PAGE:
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Academic Community Service Learning


Academic Community Service Learning (Academic CSL) is a form of EE in which “students engage in activities that address community needs together with structured opportunities intentionally designed to promote intentional learning goals” (  Another commonly accepted definition comes from Bringle and Hatcher (1996):

"A course based, credit bearing institutional educational experience in which students participate in organized service that meets community needs, and reflect on the service to gain further understanding of course content, a broader appreciation of the discipline, and an enhanced sense of civic or social responsibility."

Academic Community Service Learning has the following characteristics

  • Linked to course content and learning outcomes
  • Community Experience (unpaid)
  • Reflection


How to do Academic Community Service Learning (CSL)

Academic CSL is fundamentally about relationship building. The relationships that are built are between faculty members and community partners, community partners and students, and students and faculty members. Through pushing students out of their comfort zone and enabling a higher level of communication, significant learning occurs. In this manual, we have attempted to break down the process of academic CSL into discreet steps concerning the planning, implementation and evaluation of an academic CSL opportunity.

Step 1: Forming partnerships

First and foremost, if you are thinking about using academic CSL for the first time, contact your experiential education coordinator. They are in a position to help you find community partnerships, support relationship development, and give you insight into how to plan your course accordingly.

Step 2: Plan your Project

For this step, refer to the Project Planning Form in the appendix. The form is designed to help you remember all the necessary details for planning a successful project. Your experiential education coordinator is available to help you as well. This is also the time to modify your syllabus to include the project.

Step 3: Tell your Students

Many projects will require police reference checks of some sort. If this is the case, the students must be informed as soon as possible. It is often best practice to let your students know in advance of the start date of the course by emailing them.

Step 4: Hold an Information Session

If your project is optional, you may want to hold an information session for students who are interested in participating. Refer to the information session checklist in the appendix, which is designed to help you keep in mind all the relevant pieces of information to pass on to the students at the information session.

Step 5: Paperwork

Students must fill out all applicable paperwork for their placement. The two most important forms will be the Work Education Placement Agreement form (WEPA form), and the Academic CSL Student Agreement. Both forms can be found in the appendix. Other forms that maybe useful are included as well.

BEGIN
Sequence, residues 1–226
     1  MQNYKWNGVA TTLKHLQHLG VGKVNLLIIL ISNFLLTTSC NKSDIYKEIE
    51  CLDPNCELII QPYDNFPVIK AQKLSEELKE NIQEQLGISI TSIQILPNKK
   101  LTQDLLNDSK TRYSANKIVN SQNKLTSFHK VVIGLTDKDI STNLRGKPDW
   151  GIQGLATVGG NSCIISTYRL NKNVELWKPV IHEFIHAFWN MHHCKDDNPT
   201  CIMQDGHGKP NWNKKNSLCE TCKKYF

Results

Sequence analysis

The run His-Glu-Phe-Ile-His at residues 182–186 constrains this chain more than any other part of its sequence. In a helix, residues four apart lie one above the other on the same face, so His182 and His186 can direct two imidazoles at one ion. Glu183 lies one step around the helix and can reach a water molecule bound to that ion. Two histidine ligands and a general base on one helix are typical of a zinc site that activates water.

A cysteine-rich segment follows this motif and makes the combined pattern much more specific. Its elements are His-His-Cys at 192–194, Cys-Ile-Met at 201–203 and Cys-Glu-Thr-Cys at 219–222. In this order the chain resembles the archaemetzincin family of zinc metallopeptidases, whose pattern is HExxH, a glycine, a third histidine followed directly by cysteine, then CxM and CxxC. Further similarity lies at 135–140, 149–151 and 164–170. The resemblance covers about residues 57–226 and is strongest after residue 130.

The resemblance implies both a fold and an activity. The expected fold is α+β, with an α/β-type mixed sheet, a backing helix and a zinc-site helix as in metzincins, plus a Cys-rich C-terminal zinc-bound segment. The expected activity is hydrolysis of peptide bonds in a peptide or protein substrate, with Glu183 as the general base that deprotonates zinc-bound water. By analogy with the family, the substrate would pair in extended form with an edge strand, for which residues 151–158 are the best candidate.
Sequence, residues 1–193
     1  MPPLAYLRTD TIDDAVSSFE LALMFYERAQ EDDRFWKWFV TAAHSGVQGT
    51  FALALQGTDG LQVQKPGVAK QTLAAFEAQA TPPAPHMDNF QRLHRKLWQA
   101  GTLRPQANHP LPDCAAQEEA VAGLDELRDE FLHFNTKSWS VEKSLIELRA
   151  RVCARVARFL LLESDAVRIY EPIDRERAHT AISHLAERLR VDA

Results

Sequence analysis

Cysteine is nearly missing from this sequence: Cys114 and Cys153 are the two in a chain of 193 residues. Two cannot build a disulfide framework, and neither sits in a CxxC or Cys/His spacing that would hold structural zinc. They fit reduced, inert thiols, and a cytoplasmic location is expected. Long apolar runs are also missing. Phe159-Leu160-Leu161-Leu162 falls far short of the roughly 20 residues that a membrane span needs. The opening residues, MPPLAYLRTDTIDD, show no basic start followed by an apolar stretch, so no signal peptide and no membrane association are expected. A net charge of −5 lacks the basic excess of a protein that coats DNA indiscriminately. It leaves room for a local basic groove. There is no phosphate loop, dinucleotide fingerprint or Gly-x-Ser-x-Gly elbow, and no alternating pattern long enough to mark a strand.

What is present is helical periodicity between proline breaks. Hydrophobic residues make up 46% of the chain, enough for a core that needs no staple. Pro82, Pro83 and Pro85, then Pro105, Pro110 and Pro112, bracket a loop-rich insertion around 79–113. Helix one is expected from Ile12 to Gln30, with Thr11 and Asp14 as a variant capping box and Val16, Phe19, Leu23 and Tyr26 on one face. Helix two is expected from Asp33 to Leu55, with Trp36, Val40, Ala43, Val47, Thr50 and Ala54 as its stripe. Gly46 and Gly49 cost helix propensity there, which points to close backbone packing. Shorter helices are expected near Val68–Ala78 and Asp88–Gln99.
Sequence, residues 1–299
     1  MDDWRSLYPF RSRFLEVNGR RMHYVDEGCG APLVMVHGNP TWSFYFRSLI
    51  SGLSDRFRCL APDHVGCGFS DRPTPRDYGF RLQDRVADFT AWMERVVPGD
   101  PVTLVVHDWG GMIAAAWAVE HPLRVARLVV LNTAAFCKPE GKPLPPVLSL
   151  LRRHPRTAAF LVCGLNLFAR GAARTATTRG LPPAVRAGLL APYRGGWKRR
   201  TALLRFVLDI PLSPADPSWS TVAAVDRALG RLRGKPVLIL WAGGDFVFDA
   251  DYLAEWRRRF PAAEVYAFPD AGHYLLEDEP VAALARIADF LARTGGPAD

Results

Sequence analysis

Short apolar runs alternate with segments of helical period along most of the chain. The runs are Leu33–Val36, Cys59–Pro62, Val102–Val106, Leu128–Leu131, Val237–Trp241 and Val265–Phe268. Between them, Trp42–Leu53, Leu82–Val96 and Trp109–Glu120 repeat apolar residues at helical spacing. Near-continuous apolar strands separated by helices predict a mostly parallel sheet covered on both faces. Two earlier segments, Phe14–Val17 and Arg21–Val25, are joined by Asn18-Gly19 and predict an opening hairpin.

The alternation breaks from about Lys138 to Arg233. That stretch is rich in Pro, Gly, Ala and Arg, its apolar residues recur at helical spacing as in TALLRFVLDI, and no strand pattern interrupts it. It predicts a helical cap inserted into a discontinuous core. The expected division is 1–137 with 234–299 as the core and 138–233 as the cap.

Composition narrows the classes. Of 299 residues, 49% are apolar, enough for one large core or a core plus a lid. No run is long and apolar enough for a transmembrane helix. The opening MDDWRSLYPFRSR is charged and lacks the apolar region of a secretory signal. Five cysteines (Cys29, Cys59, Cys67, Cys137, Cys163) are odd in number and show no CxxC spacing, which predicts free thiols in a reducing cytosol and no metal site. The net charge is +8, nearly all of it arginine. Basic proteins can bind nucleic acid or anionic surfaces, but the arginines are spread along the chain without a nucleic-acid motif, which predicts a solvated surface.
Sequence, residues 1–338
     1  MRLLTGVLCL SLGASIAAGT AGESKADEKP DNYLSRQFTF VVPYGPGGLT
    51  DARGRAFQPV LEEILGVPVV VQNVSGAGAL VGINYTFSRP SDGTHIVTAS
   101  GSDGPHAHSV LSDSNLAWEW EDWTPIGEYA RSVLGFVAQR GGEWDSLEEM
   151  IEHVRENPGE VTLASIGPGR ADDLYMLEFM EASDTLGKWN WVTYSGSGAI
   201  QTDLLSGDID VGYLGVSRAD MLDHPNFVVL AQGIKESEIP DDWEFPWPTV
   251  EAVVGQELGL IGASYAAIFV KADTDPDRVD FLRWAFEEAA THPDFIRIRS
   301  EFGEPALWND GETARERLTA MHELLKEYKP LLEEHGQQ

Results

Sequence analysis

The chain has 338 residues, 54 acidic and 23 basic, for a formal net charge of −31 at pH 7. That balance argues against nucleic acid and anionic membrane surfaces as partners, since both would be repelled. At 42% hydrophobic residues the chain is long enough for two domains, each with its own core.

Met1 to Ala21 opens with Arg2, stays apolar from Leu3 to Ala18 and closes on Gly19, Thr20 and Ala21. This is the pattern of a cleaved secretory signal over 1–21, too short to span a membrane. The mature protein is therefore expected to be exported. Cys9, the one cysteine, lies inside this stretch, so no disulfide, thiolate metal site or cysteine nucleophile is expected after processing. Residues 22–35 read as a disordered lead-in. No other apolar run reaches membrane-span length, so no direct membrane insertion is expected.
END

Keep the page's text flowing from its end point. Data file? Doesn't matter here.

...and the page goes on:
Step 6: Hold an Orientation Session              

Ensure that the first day the students are doing their project, they are properly orientated to their learning site. You can refer to the orientation form in the appendix for a list of all items that should be included in a student orientation.

Step 7: Students Create Learning Plans

Students are encouraged to use the Learning Plan, included in the appendix, to help them set goals and reflect on their experience. It is also designed as a simple way to ensure that the course director, community partner, and student all have a clear understanding of the student goals and deliverables as they relate to the project.

Step 8: Continue the Communication During the Project

Keep the lines of communication open with your partner. This will help them deliver relevant feedback, and will positively impact the student experience. Your experiential education coordinator will help you to coordinate feedback meetings.

Step 9: Evaluate and Follow Up

After the project is completed, aside from grading student assignments, this is the time to sit down with your partner and talk about what went well and what can be improved.


Sending Students into the Community

Students can be tremendous assets to community organizations. In order to ensure that both the community partner and the students have positive experiences, it is important to prepare the students properly to interact and function in a community setting. The Academic CSL Handbook for Students was developed with this purpose in mind. It outlines everything from general professional behavior, to communication guidelines, to punctuality, attendance, and many other facets of professional behavior. In addition, it gives students vital information on health and safety, and what to do in any number of challenging situations that may arise in the community placement. The manual is designed to not only help students behave properly in the community, but also minimize the risks associated with students working in a community setting.

The relevant content can be found in the appendix, under Student Guidelines for Academic Community Service Learning.

Updated on April 9th, 2013.